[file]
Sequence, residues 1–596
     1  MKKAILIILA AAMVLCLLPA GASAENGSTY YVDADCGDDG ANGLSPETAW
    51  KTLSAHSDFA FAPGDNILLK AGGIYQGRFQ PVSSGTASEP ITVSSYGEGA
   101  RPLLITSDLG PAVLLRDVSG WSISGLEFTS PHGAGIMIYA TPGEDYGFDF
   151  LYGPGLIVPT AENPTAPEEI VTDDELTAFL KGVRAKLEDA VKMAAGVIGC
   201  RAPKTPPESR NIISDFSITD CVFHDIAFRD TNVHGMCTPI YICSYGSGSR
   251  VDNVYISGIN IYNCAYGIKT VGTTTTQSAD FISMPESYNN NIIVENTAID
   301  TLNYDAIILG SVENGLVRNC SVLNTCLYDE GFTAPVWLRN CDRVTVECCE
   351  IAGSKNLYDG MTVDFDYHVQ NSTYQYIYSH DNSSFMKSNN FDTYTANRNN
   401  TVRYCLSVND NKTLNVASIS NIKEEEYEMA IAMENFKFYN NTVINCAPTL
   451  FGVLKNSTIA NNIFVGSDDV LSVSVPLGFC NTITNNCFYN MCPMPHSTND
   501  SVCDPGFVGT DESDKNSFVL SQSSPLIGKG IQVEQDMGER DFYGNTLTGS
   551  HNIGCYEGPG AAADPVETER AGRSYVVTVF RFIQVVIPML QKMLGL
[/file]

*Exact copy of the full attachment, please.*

Sequence, residues 1–596
     1  MKKAILIILA AAMVLCLLPA GASAENGSTY YVDADCGDDG ANGLSPETAW
    51  KTLSAHSDFA FAPGDNILLK AGGIYQGRFQ PVSSGTASEP ITVSSYGEGA
   101  RPLLITSDLG PAVLLRDVSG WSISGLEFTS PHGAGIMIYA TPGEDYGFDF
   151  LYGPGLIVPT AENPTAPEEI VTDDELTAFL KGVRAKLEDA VKMAAGVIGC
   201  RAPKTPPESR NIISDFSITD CVFHDIAFRD TNVHGMCTPI YICSYGSGSR
   251  VDNVYISGIN IYNCAYGIKT VGTTTTQSAD FISMPESYNN NIIVENTAID
   301  TLNYDAIILG SVENGLVRNC SVLNTCLYDE GFTAPVWLRN CDRVTVECCE
   351  IAGSKNLYDG MTVDFDYHVQ NSTYQYIYSH DNSSFMKSNN FDTYTANRNN
   401  TVRYCLSVND NKTLNVASIS NIKEEEYEMA IAMENFKFYN NTVINCAPTL
   451  FGVLKNSTIA NNIFVGSDDV LSVSVPLGFC NTITNNCFYN MCPMPHSTND
   501  SVCDPGFVGT DESDKNSFVL SQSSPLIGKG IQVEQDMGER DFYGNTLTGS
   551  HNIGCYEGPG AAADPVETER AGRSYVVTVF RFIQVVIPML QKMLGL